Matthew Coffey wants to bring his experience of being homeless for most of his adult life to the Portland City Council and be a voice for the “average Joe.”

To do that, the 39-year-old, self-employed landscaper will have to unseat incumbent Belinda Ray, who is finishing her first term representing the eastern half of the peninsula and Casco Bay islands. Ray has led efforts to preserve views at Fort Sumner Park and worked to address concerns about demolitions and new boxy condos that are out of scale with the neighborhood. She also helped craft the city’s ban on synthetic pesticides.

This is Coffey’s third run for City Council, having run unsuccessfully for at-large seats in 2015 and 2016. One of the issues motivating him to run is the city’s desire to relocate its homeless shelter out of Bayside, where it has been for the last three decades.

Ray, a 48-year-old freelance writer and accounts and administration manager for a local building company, has been leading those efforts as head of the council’s Health and Human Services and Public Safety Committee, which has been looking at a staff proposal to build a 200-bed facility at the city-owned Barron Center.

Amid pubic backlash, the committee directed staff to look at other properties for a similar shelter or up to three smaller shelters. Ray said the issue has been studied several times in the past, but no action has been taken. She wants to change that.

The Oxford Street Shelter is a converted three-story apartment building and auto body shop, where 154 people sleep on thin mats placed close together on the floor. Demand routinely exceeds capacity, so the city opens up one or more overflow shelters. And the city shelter lacks a soup kitchen and spaces to meet with people struggling with a myriad of issues, ranging from a lack of housing to substance use and mental health problems.

“It is imperative we get a new facility,” Ray said. “The (current) conditions are not dignified and the services are not adequate.”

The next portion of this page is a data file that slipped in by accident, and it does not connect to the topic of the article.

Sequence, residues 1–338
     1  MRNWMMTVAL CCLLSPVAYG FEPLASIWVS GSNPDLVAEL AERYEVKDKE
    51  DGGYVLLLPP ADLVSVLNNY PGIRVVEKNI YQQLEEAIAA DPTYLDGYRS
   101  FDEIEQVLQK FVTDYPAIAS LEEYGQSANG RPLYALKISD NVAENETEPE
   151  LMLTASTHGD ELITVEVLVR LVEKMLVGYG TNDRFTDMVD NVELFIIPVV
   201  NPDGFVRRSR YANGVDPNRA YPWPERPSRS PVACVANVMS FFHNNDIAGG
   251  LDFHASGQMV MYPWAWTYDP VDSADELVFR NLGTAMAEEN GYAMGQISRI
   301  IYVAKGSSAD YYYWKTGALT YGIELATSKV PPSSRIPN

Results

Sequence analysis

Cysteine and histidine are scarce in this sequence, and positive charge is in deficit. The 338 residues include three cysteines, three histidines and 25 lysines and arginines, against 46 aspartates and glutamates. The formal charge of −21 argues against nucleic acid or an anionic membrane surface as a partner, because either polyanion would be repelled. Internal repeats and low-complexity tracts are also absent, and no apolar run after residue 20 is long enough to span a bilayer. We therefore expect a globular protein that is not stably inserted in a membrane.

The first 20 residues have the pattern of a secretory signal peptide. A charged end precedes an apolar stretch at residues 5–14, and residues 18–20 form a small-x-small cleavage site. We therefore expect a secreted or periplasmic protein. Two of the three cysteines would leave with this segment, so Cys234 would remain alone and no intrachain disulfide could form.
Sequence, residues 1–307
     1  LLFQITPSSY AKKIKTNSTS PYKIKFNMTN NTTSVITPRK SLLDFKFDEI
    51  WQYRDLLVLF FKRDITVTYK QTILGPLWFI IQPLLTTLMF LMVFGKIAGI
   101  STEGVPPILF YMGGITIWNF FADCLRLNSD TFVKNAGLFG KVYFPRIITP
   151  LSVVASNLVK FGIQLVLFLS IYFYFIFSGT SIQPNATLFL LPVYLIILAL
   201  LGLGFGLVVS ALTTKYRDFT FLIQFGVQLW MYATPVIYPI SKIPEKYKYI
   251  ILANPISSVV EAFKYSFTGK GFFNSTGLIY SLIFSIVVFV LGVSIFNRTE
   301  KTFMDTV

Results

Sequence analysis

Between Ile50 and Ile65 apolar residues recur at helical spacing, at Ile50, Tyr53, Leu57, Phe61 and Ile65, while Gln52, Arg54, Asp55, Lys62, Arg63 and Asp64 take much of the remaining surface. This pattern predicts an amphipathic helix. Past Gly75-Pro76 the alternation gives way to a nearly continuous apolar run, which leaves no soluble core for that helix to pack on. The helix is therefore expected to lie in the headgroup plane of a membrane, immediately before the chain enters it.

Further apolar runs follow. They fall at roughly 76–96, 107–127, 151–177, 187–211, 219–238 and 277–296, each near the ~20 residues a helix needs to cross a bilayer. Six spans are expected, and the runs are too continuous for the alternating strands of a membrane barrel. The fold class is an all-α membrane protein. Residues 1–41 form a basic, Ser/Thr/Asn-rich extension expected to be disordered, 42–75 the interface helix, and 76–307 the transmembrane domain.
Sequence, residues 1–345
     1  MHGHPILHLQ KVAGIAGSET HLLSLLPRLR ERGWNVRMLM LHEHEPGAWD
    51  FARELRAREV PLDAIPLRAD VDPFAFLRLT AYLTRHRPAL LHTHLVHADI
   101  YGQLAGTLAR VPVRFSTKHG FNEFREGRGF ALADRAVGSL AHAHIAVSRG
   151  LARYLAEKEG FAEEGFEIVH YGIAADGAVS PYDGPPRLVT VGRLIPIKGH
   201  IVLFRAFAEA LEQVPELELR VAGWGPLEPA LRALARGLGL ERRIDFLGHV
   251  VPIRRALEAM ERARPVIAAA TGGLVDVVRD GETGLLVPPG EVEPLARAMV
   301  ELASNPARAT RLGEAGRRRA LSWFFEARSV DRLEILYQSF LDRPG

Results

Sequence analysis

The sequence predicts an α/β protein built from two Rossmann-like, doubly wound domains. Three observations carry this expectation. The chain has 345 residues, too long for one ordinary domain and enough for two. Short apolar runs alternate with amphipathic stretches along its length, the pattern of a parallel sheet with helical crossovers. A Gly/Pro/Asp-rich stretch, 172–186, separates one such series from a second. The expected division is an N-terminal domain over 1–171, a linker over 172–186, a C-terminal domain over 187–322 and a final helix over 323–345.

Coffey, however, doesn’t think there is anything wrong with the existing shelter in Bayside. As a younger man, Coffey said he chose to be homeless while traveling the country. Once in Maine, Coffey said he lived in a hotel in York County while working as a landscaper. When he asked for housing assistance, he was sent to Portland because they didn’t consider him a resident. He’s been here for the last eight years, spending most of that time camping out in the woods.

“Having been in shelters around the country, this really isn’t the worst situation to be in here in Portland, Maine,” Coffey said. If the city is going to make an investment in emergency shelter, Coffey said it should build smaller shelters throughout the city, geared toward specific populations.

Ray continues to think the staff proposal for a centralized shelter at the Barron Center is a good one. She does not think having the city operate several smaller shelters will be effective or affordable, based on her conversations with social service providers. The fact that Preble Street has had to scale back hours at its day shelter because of financial issues, and other nonprofit shelters have closed down over the years, only shows that a scatter-site model is doomed to fail, she said.

“I can’t see providing inadequate services in three sites when we could provide excellent services at one site,” Ray said.

During a second term, Ray said she’d continue working on a paid sick leave ordinance proposed by Mayor Ethan Strimling, as well as creating an ordinance to address noise throughout the city. She’d also like the city to look at ways to use satellite parking lots and to improve bus service to reduce traffic and congestion downtown.

Ray is also working on a proposal to tighten up the city’s short-term rental ordinance to reduce the impact on the long-term housing market.

In addition to the shelter, Coffey said that, as a libertarian, he doesn’t support a lot of government intervention. He would like the business community to give people who, like him, use Preble Street as their home mailing address an opportunity to work, but he would not support a requirement.

Although social service providers say that many of the chronically homeless are not employment-ready because of substance use, mental illness or disabilities, Coffey thinks the city should be doing more to help people who are on public assistance become self-sufficient.

“I see a lot of fish given out and not too many fishing poles,” said Coffey, who recently got housed. “It’s great to help people, but there is a point where people have to help themselves.”

Ray supports allowing noncitizens to vote in local elections, but Coffey opposes it, arguing that voting is a right and privilege of citizenship.

Both support a safe consumption site, where people addicted to heroin and other hard drugs can safely get high under supervision of medical staff. Such a model is seen not only as a way to keep people alive but also to get them into treatment.

So far, Ray has raised over $4,800 toward her re-election. Coffey is not required to file his campaign finance report until 11 days before the election.

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